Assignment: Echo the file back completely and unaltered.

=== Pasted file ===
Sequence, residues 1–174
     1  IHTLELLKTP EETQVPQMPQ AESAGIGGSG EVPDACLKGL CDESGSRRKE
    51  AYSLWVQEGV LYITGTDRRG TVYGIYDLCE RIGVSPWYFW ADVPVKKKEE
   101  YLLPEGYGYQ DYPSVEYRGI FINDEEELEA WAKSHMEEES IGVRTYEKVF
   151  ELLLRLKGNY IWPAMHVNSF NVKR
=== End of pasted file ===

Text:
Sequence, residues 1–174
     1  IHTLELLKTP EETQVPQMPQ AESAGIGGSG EVPDACLKGL CDESGSRRKE
    51  AYSLWVQEGV LYITGTDRRG TVYGIYDLCE RIGVSPWYFW ADVPVKKKEE
   101  YLLPEGYGYQ DYPSVEYRGI FINDEEELEA WAKSHMEEES IGVRTYEKVF
   151  ELLLRLKGNY IWPAMHVNSF NVKR